The cause of my depression completely shocked me…

The recent coverage of mental health issues in the media has been brilliant – so refreshing to see and be a part of – but one thing they’ve all completely failed to address is the root cause of many mental health issues and the reasons for the increasing incidence of such problems.

It’s all very well setting out to ‘cure’ or solve the problem, but wouldn’t it be much better not to have the problem in the first place?

Personally, the symptoms of my depression was absolutely text book – work and relationship stresses, a busy lifestyle, unhealthy reactions to changes and challenges in my life and a lack of coping skills.

All of this piled up and I ended up with a prescription for anti-depressants from my GP to fix the issue, and that’s it. No other treatment.

Previously, I’d tried NHS’s array of talking therapies and CBT with zero success, so this was off the menu. Where do you go from there?

If I went to the doctor’s surgery with a dislocated shoulder they’d be unlikely to send me away with some pain killers in the hope that it’d pop back in by itself at some point, so why are mental health issues treated in this way?

The answer to this is simple; most GP’s understanding of mental health issues simply doesn’t extend to a genuine long-term cure, more a short-term patch over the problem involving giving a medical diagnosis and prescribing chemicals, or maybe some ineffective counselling or therapy.

The concept of not really addressing the underlying mental health issues and simply medicating their way out of the problem is the modus operandi of 99% of the medical profession.

The problem is, when you look at the research, this methodology has an incredibly poor track record. The medicalisation (i.e. declaring that you have a medical problem – a broken or damaged brain) and prescription drug route just doesn’t work for most people.

The medicalisation of depression is a backward step for many

This is because many members of the medical profession fundamentally misunderstand the nature of many mental health issues. When you suffer from depression, your brain isn’t broken like a cracked bone or snapped ligament – more often than not, it’s a collection of unhelpful thought processes, negative reactions to life events and poor coping skills making and facilitating a depressive state of mind.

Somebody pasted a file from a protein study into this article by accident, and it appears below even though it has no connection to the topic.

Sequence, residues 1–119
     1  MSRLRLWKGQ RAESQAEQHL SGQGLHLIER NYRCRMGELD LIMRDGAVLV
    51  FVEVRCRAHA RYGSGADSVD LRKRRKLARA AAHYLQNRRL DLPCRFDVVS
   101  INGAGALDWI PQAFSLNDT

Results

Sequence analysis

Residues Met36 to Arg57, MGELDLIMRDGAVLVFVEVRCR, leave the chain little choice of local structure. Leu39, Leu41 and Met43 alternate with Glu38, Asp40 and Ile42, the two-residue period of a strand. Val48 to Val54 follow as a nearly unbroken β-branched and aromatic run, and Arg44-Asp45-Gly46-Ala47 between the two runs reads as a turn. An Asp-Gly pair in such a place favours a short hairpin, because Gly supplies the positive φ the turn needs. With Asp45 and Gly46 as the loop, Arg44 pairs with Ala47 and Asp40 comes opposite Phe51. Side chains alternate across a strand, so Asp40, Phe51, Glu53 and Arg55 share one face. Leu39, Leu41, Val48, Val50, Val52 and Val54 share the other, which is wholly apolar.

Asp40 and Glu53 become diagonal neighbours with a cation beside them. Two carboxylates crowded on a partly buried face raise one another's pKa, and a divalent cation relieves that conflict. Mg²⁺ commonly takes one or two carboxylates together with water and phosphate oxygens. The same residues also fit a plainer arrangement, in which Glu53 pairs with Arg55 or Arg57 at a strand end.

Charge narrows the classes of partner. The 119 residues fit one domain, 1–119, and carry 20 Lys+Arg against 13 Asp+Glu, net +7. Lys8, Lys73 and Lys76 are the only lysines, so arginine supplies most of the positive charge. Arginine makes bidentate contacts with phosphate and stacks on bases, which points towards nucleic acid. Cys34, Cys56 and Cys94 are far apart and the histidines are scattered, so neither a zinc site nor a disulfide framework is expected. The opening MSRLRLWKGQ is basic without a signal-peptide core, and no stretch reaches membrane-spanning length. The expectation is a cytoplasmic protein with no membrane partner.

But that’s not to say that someone who suffers from depression has done it to themselves. Unless you’ve been taught good coping skills, or how to not have unhelpful or negative thoughts, then you’re likely to be quite helpless when the time comes to call upon these facets. You simple won’t have them in the mental locker to bring out when needed.

It’s like being presented with a mortorbike when you’ve not been taught to ride – nobody’s blaming you for not knowing how to ride a complex machine with lots of working parts.

So, if you’re reading this and wondering, as I did for years, what’s wrong with you, the answer is almost certainly; not a lot. Yes, you’re depressed but this isn’t due to a chemical imbalance in the brain or something broken, missing or malformed.

It’s because you’ve not been taught how to deal with depressive thoughts or cope with life’s inevitable hurdles in a way that’s positive for your overall wellbeing.

You’re in a cycle of negative thoughts and behaviour that, often, you don’t know how to get out of, or even identify as being negative.

Once you understand this fundamental difference and realise that your depression doesn’t require chemicals, years of therapy or interventionist rehab to cure, it becomes incredibly easy to move beyond depression to a happier existence.

And how did I do this? The Thrive Programme – recommended by a friend-of-a-friend – taught me these vital life skills and coping mechanisms in about six weeks though studying the book and face-to-face sessions.

But the first and most interesting part of this process was the quiz that I took before I began the programme to identify areas of my life and thought processes that I did or didn’t have control over.

This feeds into the concept of ‘locus of control’, which defines how you view things that happen to you and events in your life and categorises your attitudes and beliefs into ‘external’ and ‘internal’ beliefs.

Once completed, the quiz gives you a great idea of where your unhelpful thinking styles and beliefs are emanating from. It’s then possible to deal with these properly.

Through this and the other strategies developed by Rob Kelly, The Thrive Programme equipped me to manage my thoughts in such a way that, several months on, I’ve not allowed myself to become depressed, even once.

Let me repeat that: I DON’T ALLOW MYSELF TO BECOME DEPRESSED. Imagine how different life would be if you could say the same thing?

 

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